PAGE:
The views of the lake from the top were spectacular. You can see the entirety of it from the top and there is a bench up there to relax and take it in. A plaque is also on the summit.

If you are camping at the lake this is a good spot to stretch your legs.
wildflower observationwildflower observationwildflower observationwildflower observationwildflower observation
Wildflowers Observation Isolated
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Apr 02 2021
KingLeonidas
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 Guides 14
 Routes 46
 Photos 208
 Triplogs 122

32 male
 Joined Oct 23 2017
 Tempe
Sonoita Foothills Trail, AZ 
Sonoita Foothills Trail, AZ
 
Hiking avatar Apr 02 2021
KingLeonidas
Hiking1.04 Miles 153 AEG
Hiking1.04 Miles      26 Mns   2.40 mph
153 ft AEG8 LBS Pack
 
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Linked none no linked trail guides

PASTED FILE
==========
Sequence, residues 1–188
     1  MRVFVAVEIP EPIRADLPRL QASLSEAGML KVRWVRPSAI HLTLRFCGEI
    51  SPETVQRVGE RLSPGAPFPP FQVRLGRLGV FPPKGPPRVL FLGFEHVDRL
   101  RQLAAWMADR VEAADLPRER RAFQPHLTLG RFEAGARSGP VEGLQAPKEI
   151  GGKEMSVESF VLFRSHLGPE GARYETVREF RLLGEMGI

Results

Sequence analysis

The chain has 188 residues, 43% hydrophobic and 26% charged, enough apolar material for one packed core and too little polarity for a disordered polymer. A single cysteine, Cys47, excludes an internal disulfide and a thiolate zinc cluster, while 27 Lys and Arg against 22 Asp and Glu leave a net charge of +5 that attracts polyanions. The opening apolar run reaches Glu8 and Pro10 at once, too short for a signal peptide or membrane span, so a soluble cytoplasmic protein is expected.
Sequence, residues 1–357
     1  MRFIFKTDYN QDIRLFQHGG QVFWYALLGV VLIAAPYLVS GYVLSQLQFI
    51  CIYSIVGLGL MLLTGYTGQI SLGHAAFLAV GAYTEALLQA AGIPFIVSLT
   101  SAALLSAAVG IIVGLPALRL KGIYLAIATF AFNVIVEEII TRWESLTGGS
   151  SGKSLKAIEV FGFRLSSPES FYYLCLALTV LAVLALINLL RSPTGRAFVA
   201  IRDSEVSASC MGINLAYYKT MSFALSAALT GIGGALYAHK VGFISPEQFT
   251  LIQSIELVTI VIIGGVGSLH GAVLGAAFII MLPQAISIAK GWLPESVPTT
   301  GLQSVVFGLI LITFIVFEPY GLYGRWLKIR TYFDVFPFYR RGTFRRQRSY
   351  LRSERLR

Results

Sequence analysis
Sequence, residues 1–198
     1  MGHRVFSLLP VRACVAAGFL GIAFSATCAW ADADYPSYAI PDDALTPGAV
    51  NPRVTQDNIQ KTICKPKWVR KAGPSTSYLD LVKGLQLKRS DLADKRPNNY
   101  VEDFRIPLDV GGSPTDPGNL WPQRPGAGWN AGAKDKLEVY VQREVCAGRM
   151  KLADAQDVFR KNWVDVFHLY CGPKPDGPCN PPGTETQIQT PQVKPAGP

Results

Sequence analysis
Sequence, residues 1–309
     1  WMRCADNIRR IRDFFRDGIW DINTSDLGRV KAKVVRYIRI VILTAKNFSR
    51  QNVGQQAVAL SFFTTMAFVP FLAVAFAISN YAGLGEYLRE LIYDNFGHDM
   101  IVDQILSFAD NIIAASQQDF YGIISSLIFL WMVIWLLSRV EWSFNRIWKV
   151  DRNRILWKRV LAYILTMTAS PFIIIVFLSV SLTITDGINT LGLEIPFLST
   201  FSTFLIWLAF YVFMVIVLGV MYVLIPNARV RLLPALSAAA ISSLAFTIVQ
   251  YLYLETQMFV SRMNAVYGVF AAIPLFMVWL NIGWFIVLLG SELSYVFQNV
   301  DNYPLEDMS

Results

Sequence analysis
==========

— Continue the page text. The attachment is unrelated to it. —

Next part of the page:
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Hiked Sonoita Foothills Trail with Victoria during a weekend of camping at the lake.

Intro
Sonoita Foothills Trail is a connecting trail that runs from Sonoita Creek Trail to Horse Corral Trail in the Patagonia Lake State Park.

Logistics/Getting there
The trailhead can be accessed by car by turning left immediately before the Lake Patagonia entrance and Ranger station. There is a parking lot down a short dirt road for accessing several nearby trails. The trailhead is also accessible to boaters/paddlers (which is how we got there) by going ashore on the left hand side of the spillway (boat up campsite 118 is also in the vicinity).

Permit
No Permit is needed to park in the parking lot. If you are accessing by water, Lake Patagonia day use permits or camping reservations are required to access the park